During the build-up to war and since, most of the electorate of this country have consistently opposed the decision to invade. People have seen their political wishes ignored for reasons now proved false. But there has been no attempt in parliament to call Mr Blair personally to account for what has transpired to be a blunder of enormous strategic significance. It should come as no surprise therefore that so many of this country's voters have turned their backs on a democratic system they feel has so little credibility and is so unresponsive.
One obvious way of re-engaging these disaffected voters would be for parliament to accept that it wrongly supported the war - but only because it believed what Mr Blair told them. Now it is clear that parliament was misled by Mr Blair, either wittingly or unwittingly, parliament should also call on him for a full explanation as to why he went to war. It is not a sufficient excuse for Mr Blair to say that he acted in good faith and that his decisions were based on the intelligence he had been given. For it is the clear responsibility of people in his position to test intelligence. No intelligence can ever be taken at face value. Indeed it is negligent so to do.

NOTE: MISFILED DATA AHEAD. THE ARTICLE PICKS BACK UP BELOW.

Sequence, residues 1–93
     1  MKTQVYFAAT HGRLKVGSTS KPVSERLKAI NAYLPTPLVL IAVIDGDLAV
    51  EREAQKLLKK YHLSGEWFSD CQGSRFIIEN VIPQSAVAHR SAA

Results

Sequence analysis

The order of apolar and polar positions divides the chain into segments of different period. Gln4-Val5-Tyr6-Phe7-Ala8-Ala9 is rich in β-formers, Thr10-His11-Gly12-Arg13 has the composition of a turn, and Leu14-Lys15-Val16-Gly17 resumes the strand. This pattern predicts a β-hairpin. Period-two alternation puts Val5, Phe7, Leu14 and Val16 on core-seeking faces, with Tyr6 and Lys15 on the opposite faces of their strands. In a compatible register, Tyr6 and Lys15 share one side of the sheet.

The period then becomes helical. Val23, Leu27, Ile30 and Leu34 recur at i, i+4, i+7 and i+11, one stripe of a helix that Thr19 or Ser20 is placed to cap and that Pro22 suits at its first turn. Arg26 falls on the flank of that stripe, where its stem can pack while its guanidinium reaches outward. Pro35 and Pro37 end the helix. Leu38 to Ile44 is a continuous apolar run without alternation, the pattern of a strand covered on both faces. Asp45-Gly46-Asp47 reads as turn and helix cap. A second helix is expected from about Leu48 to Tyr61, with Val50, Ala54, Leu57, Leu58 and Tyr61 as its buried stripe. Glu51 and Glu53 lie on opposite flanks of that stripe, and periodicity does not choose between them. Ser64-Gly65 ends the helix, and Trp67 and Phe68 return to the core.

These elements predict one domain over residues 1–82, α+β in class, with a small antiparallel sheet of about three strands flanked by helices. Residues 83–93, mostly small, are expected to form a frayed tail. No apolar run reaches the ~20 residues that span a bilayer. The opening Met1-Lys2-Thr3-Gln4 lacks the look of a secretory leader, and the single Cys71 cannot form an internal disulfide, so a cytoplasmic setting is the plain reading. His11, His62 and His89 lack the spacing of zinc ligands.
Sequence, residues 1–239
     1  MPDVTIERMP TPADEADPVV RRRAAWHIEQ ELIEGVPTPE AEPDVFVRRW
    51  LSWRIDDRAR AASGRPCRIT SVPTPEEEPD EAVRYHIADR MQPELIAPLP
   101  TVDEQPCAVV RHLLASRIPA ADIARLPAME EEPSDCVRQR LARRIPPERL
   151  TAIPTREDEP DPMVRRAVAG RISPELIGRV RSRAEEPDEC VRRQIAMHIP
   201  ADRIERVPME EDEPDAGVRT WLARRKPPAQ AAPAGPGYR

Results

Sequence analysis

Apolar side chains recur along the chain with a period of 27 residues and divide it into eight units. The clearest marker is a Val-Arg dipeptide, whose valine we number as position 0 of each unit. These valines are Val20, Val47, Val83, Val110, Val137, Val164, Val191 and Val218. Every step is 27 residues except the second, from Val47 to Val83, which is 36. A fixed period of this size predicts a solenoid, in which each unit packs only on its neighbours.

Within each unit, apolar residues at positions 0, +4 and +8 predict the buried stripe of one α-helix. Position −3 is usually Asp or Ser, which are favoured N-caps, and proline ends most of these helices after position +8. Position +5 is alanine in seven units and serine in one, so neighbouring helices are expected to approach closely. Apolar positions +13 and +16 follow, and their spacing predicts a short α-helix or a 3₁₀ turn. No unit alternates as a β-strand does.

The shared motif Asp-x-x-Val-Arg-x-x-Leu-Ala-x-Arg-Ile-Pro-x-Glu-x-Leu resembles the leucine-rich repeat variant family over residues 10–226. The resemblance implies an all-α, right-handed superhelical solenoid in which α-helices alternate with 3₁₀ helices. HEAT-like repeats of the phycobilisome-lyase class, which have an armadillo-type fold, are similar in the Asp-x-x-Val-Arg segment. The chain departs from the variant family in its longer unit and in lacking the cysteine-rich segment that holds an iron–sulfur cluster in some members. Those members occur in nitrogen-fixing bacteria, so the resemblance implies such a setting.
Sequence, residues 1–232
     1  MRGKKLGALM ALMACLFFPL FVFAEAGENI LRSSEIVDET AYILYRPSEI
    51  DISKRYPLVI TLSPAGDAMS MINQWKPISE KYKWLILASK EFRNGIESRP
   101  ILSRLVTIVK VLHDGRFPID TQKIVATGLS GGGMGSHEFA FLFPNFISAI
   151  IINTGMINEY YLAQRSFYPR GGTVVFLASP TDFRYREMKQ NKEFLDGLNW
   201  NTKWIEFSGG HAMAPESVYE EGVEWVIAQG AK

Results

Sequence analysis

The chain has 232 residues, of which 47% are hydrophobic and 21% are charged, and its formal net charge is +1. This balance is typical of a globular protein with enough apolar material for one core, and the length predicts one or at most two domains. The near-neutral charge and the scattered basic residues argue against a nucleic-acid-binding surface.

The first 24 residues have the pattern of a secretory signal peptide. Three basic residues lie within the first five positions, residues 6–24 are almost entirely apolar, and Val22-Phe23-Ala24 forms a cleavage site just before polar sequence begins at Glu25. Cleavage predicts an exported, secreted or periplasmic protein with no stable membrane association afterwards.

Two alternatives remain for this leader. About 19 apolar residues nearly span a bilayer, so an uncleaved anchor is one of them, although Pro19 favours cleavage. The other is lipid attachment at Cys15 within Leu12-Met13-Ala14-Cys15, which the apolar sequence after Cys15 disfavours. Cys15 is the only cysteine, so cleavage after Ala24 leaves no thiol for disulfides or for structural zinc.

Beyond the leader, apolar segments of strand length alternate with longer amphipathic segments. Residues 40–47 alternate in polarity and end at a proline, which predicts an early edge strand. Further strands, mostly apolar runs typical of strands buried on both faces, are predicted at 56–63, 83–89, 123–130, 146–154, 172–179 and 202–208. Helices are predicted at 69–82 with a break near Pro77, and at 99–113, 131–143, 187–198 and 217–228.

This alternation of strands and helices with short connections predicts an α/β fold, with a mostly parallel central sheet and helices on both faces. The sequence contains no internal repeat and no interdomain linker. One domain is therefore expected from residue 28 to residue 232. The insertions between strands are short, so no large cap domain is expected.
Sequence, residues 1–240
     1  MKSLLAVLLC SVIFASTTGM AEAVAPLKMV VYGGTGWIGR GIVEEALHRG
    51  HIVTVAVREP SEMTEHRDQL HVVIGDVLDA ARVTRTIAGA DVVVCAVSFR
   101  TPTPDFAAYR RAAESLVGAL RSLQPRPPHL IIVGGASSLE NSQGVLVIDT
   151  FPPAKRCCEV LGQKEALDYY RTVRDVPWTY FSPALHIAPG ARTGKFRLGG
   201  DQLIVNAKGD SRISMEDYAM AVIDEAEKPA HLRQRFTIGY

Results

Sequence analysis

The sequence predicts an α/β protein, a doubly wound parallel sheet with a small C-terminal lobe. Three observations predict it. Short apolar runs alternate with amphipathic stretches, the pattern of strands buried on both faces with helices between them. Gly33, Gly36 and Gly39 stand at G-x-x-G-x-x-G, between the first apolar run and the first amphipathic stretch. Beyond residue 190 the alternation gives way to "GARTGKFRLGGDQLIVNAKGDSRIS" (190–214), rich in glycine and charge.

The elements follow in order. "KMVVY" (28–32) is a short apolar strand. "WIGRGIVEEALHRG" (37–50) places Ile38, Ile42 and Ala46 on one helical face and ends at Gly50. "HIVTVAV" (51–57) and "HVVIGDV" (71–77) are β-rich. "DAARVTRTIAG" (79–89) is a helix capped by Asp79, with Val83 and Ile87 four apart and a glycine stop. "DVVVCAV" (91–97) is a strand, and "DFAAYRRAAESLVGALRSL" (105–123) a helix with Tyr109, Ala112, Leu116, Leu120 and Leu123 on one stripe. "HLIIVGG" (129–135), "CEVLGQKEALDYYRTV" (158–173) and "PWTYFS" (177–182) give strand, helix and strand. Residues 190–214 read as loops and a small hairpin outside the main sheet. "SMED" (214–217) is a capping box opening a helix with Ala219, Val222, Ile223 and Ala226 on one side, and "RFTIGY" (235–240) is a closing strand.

Parliament should therefore ascertain how far the prime minister did evaluate intelligence regarding WMD and how he assessed the reliability of the many sources that provided that intelligence. It should ask him what corroborating evidence there was for his specific statement about WMD - and why more use was not made of the UN inspectors on the ground in Iraq to test the validity of that statement. It should inquire just how much he discounted the mass of intelligence that came in from the Iraqi National Congress - a body that had a vested interest in removing Saddam from power. The list of possible questions is huge and would no doubt be usefully expanded during any hearings.
Mr Blair is an able barrister who should relish the opportunity to put his side of the case. No one can undo the decision to go to war. But the impeachment of Mr Blair is now something I believe must happen if we are to rekindle interest in the democratic process.
Tuesday, January 10, 2006
General Sir Michael Rose: impeach Blair!
Has an ex-Adjutant General of the British Army ever previously called for a prime minister to be impeached?! Amazing!